Once again, CBS has done a first-rate job restoring these episodes in 1080p HD. After years of seeing TNG in VHS-quality syndication broadcasts, I really can't express just how clear and beautiful these transfers are. With the exception of some hairstyles and a few effects, the Blu-ray release of Season Six makes it look like it was shot in 2014. Colors pop, fine detail is evident and, above all, the clarity of the image is brilliant. Same goes for the audio upgrade, which offers lossless 7.1 surround mixes for every episode that explode with energy and ambience; hearing every "beep" and "whoosh" in the surround channels made me feel like I was right there on the Enterprise bridge. The original 2.0 stereo mixes are also available for purists, though I can't imagine why anyone would opt for a lesser experience when the DTS mixes are so spectacular. I can't think of a catalogue TV series that's been treated better than Star Trek: The Next Generation.

My favorite part of every new season-length release of Star Trek on Blu-ray (including all four seasons of Star Trek: Enterprise) are the retrospective documentaries that are included in the supplemental section. Season Six's documentary, the three-art "Beyond the Five Year Mission: The Evolution of Star Trek: The Next Generation, is no exception. Running a combined total of 90 minutes, the doc includes interviews with most of the principal cast members and many behind-the-scenes personnel (including Ronald D. Moore, who wrote many of the season's episodes and would eventually reboot Battlestar Galactica quite successfully) and discusses some of the changes seen this season and how they work within the larger context of the Star Trek universe. There's also a good deal of time spent devoted to DS9, which hit the airwaves just a few months before Season Six premiered.

A collection of deleted scenes and a gag reel, both restored in high definition, are also included, as are three new commentaries on "Relics," "Tapestry" and "Frame of Mind." All of the bonus features from the DVD release are also included as "archival mission logs," containing behind-the-scenes featurettes and interviews devoted to different aspects of the show. Each episode is also playable with its original promo.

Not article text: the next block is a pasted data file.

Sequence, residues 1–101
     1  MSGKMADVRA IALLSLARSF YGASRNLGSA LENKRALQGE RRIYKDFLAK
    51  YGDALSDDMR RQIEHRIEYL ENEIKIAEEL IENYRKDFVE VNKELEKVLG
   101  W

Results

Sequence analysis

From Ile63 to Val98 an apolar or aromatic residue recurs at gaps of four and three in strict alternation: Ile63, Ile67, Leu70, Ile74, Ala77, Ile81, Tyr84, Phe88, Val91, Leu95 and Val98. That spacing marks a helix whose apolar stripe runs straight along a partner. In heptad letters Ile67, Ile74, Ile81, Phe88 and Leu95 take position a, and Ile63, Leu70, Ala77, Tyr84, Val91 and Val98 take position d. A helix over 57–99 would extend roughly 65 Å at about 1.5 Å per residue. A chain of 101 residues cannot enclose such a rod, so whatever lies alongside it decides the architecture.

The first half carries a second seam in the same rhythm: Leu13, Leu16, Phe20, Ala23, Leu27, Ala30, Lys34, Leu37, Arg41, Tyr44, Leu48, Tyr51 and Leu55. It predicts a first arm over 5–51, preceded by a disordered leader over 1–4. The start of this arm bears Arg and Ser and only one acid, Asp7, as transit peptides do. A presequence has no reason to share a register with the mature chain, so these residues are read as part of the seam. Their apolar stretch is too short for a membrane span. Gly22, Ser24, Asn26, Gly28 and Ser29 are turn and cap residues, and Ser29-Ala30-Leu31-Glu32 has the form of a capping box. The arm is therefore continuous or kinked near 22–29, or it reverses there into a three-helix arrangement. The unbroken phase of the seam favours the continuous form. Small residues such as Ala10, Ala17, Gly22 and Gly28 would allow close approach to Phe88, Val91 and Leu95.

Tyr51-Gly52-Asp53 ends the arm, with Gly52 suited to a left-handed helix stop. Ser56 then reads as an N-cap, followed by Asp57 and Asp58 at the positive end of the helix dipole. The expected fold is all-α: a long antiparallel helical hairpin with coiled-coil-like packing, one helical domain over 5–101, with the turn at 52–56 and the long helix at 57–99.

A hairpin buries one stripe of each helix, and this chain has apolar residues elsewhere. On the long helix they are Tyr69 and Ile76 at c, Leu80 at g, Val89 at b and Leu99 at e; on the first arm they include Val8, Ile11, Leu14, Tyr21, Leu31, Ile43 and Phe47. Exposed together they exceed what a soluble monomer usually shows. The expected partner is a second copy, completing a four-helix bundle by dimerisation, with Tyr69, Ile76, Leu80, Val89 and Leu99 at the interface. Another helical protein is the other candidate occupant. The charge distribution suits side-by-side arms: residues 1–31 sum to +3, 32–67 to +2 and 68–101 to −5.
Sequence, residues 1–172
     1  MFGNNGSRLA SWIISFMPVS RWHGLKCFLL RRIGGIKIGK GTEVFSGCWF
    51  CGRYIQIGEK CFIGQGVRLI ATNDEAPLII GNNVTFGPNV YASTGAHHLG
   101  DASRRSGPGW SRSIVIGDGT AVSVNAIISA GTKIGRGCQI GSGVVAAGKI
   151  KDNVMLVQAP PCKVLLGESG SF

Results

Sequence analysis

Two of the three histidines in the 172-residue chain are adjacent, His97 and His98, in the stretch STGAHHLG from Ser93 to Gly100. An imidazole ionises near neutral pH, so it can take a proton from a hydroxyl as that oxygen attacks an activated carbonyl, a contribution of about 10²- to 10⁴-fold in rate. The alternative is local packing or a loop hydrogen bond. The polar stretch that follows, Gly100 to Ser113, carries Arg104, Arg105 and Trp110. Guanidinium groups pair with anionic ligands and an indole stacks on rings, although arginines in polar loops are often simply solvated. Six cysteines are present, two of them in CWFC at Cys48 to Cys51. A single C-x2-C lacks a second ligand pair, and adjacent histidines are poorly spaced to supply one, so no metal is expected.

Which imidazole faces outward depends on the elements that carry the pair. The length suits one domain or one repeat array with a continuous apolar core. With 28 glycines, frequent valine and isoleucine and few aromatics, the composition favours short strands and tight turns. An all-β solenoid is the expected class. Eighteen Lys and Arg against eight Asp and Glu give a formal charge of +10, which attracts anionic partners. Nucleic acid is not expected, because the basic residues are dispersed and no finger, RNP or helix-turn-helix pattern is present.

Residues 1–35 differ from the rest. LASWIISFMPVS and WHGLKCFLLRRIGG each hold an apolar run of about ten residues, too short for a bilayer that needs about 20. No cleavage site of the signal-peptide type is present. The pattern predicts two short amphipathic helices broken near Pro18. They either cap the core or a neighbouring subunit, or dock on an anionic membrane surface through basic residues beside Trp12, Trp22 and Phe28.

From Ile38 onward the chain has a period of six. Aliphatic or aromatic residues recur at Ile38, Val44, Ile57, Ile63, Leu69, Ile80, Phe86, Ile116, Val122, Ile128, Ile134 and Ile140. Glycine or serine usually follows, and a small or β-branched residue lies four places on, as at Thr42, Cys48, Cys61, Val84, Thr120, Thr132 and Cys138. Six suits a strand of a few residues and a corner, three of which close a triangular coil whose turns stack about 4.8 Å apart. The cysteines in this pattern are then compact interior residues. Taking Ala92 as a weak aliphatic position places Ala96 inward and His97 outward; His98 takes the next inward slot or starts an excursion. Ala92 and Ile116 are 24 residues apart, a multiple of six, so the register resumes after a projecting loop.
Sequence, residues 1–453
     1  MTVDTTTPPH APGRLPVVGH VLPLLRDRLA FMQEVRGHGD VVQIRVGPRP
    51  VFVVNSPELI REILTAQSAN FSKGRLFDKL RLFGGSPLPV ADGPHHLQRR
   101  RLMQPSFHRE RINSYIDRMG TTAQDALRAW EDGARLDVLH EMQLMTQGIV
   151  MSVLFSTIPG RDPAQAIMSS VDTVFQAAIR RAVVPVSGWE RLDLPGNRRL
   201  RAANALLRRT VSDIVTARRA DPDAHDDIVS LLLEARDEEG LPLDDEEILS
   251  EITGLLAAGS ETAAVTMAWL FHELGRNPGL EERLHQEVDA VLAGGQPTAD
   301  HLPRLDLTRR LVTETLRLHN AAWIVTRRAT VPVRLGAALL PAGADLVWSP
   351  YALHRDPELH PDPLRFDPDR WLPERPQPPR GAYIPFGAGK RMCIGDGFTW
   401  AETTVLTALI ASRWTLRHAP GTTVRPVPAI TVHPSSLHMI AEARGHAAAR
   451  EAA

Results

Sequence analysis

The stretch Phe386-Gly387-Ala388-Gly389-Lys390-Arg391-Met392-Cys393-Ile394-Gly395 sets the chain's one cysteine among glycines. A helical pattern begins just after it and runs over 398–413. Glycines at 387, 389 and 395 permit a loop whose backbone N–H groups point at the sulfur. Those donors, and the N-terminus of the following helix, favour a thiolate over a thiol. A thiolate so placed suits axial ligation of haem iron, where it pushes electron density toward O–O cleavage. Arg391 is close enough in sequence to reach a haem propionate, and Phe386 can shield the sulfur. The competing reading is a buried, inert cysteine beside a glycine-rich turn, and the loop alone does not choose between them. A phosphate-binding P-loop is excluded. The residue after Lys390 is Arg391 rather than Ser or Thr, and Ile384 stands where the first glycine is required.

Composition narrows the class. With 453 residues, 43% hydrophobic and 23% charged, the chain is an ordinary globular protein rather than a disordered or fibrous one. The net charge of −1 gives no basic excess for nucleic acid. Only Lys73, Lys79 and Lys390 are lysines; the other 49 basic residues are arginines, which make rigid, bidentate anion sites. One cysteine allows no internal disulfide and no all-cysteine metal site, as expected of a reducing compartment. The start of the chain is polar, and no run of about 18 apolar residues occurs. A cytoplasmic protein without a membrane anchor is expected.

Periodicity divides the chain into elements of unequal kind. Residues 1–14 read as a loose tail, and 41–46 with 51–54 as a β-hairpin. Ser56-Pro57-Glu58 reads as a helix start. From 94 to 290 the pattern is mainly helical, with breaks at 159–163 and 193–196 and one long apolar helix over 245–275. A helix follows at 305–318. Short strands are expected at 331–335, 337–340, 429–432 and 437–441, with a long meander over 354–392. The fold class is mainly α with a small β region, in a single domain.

Closing Statement

I don't think Season Six is Star Trek: The Next Generation's finest hour, but it's still a damn good season of science fiction television and, even better, terrific drama regardless of its genre. Even the episodes that don't work as well as some others are enjoyable because of Paramount and CBS's incredible HD restoration, which make the season feel just as vibrant and relevant as it did when it first aired over 20 years ago. I can't wait to wrap up the series with Season Seven and start crossing my fingers the studio begins releasing DS9 on Blu-ray next.

The Verdict

I love these Blu-rays. I love this show.

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Scales of Justice

Video: 97
Audio: 94
Extras: 80
Acting: 90
Story: 81
Judgment: 89

Perp Profile

Studio: Paramount
Video Formats:
• Full Frame (1080p)
Audio Formats:
• DTS HD 7.1 Master Audio (English)
• Dolby Digital 7.1 Stereo (Swedish)
• Dolby Digital 2.0 Stereo (English)
• Dolby Digital 2.0 Stereo (Danish)
• Dolby Digital 2.0 Stereo (Dutch)
• Dolby Digital 2.0 Stereo (French)
• Dolby Digital 2.0 Stereo (German)
• Dolby Digital 2.0 Stereo (Italian)
• Dolby Digital 2.0 Stereo (Japanese)
• Dolby Digital 2.0 Stereo (Spanish)
Subtitles:
• English (SDH)
• Danish
• Dutch
• French
• German
• Italian
• Japanese
• Norwegian
• Spanish
• Swedish
Running Time: 1175 Minutes
Release Year: 1993
MPAA Rating: Not Rated
Genres:
• Action
• Adventure
• Blu-ray
• Science Fiction
• Star Trek
• Television

Distinguishing Marks

• Commentaries
• Deleted Scenes
• Featurettes
• Interviews
• Gag Reel
• Promos

Accomplices

• IMDb
• Official Site
• Memory Alpha: Star Trek Wiki